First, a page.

Thank you for each call and email this week, we are in the home stretch! Don't give up now.
Oppose SB 83, SB 714, SB 747 (Sen. Yen)- All three of these bills infringe upon parental rights.
SB 83- Removes the personal and religious vaccine exemptions for daycare and school.
SB 714- Requires that all midwifes in Oklahoma also be RN's
SB 747- Makes out of hospital VBAC's, twin births, and breech births illegal.
Status- Assigned to the Health Committee and expected to be heard Monday 2/27 at 2:00 PM in room 535
Action- Call and email the following legislators and ask them to oppose SB 83, SB 714, and SB 747. You may use the following talking points that follow the emails. Join us Monday for the meeting.
During your call say " I am calling to ask that Senator ________________ Please oppose SB 83, SB 714, and SB 747 as all of these bills remove parental rightd. It will be heard Monday in the Health committee. Thank you!"
Please copy and paste the following block of emails in the 'cc' field of your email. Write 'Please oppose SB 83, SB 714, and SB 747' into the subject line. Keep the email short and sweet and feel free to use the following talking points.
email@example.com, firstname.lastname@example.org, email@example.com, firstname.lastname@example.org, email@example.com, firstname.lastname@example.org, email@example.com, firstname.lastname@example.org, email@example.com, firstname.lastname@example.org, email@example.com
Oklahoma’s exemption rates are already low - According to the Oklahoma State Department of Health Kindergarten Immunization Survey for 2014-15 the exemption rate is only 1.5%.
“Exemption Rates” and “Vaccination Rates” require context and understanding - It’s a mistake to use the term “exempt” and “unvaccinated” interchangeably. 1.5% simply means “didn’t receive 42 out of 42 doses required for entrance into school. Even opting out of one vaccine, such as chicken pox, puts you in the “exempt” category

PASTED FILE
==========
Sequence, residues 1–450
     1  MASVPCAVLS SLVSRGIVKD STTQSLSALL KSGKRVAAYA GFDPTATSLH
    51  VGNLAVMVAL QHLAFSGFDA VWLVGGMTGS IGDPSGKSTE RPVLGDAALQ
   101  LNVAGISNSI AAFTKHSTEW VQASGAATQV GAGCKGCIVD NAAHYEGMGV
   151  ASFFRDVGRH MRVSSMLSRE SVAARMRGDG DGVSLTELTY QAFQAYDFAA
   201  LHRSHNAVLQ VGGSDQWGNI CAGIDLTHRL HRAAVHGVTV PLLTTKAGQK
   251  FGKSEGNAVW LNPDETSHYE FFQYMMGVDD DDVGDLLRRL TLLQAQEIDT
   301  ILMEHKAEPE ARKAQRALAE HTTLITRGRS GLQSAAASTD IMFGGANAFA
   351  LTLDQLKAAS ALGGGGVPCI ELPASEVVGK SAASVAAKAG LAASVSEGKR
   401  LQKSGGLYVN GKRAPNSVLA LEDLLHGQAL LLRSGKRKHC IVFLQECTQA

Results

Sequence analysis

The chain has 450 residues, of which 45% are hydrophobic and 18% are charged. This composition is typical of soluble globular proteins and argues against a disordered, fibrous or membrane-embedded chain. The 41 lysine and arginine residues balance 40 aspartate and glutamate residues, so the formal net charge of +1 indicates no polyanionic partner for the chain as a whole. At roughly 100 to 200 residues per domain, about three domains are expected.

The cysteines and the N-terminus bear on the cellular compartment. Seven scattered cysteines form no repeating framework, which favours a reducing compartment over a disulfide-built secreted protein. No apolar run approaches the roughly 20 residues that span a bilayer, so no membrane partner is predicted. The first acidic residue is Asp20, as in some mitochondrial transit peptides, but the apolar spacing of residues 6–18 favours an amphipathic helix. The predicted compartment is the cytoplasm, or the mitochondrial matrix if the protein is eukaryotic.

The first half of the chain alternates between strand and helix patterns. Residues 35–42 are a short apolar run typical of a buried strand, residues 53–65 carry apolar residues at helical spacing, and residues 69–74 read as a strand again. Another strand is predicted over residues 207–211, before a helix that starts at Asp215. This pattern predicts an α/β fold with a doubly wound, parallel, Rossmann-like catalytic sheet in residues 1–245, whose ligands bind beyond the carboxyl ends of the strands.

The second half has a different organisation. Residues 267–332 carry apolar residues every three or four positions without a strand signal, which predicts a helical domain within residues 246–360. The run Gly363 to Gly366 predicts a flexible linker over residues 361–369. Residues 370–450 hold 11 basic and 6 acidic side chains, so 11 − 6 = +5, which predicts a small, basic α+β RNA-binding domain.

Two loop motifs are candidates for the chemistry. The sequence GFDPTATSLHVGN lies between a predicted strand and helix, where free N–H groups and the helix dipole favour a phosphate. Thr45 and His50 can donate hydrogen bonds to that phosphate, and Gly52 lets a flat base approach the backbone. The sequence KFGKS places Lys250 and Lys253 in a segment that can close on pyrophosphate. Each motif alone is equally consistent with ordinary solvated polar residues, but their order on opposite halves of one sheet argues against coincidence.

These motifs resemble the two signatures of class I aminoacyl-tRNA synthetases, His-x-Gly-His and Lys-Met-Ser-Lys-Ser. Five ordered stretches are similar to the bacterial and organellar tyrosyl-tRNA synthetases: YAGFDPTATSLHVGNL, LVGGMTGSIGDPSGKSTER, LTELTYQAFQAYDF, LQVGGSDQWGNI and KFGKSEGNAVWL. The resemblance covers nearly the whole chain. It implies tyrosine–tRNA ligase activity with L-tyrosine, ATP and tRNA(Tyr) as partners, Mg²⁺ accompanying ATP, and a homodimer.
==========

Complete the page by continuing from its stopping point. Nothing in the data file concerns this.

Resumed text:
Medical exemptions are difficult to obtain - SB 83 would abolish personal exemptions that Oklahoma has held dear for decades. Medical exemptions only account for .13% of all exemptions. They are the least used and hardest to obtain.
The immunocompromised won’t benefit - Without including the vaccination and exemption rates of teachers, administrators, and any other adults in the school setting, how can this data possibly be used by parents of a child with immune challenges? Additionally, there are currently no vaccines available for the vast majority of infectious diseases in our communities.
Parents need to trust, not distrust, the system - Vaccine makers have had no liability for injuries or death due to vaccines since 1986. Under the National Childhood Vaccine Injury Act (NCVIA), NO manufacturer of vaccines can be held liable, therefore we ask, “Who will be responsible?”
What about outbreaks? - In a recent Oklahoma mumps outbreak, most of the affected were vaccinated. Only 5% were documented as unvaccinated for mumps. See report at tinyurl.com/okmumpsreport
Why do parents opt out? - The vaccine schedule has increased so dramatically since the signing of the NCVIA in 1986 and some parents are not comfortable with so many, so soon. Additionally, children with a family history of allergic reactions and autoimmune disease are at higher risk for adverse reactions. However, these do not qualify a child for a medical exemption. There are currently no screening tests given to patients prior to receiving vaccinations to ensure they do not suffer any of the known detrimental side effects.
Where there is risk, there must be choice - According to the Vaccine Adverse Events Reporting System (VAERS), there have been over 100 deaths from the MMR vaccine, but CDC data shows ZERO deaths from measles, mumps, or rubella in the U.S. in the past 15 years. Over 8,000 vaccine adverse events have been reported in Oklahoma alone and the CDC openly admits that less than 10% of vaccine injuries and adverse events are even reported to VAERS. This completely debunks Senator Yen’s “one in a million” injury claim.
SB 714 would drastically reduce families’ access to out of hospital birth in Oklahoma by effectively prohibiting all non-nurse midwives from practicing midwifery in the state. This would reduce the number of midwives offering birth center and home births by almost 90%, thereby leaving countless families without access to midwifery care. The majority of non-nurse midwives in Oklahoma hold the nationally recognized Certified Professional Midwifery (CPM) credential. CPMs have been practicing midwifery safely in Oklahoma since the early 90’s.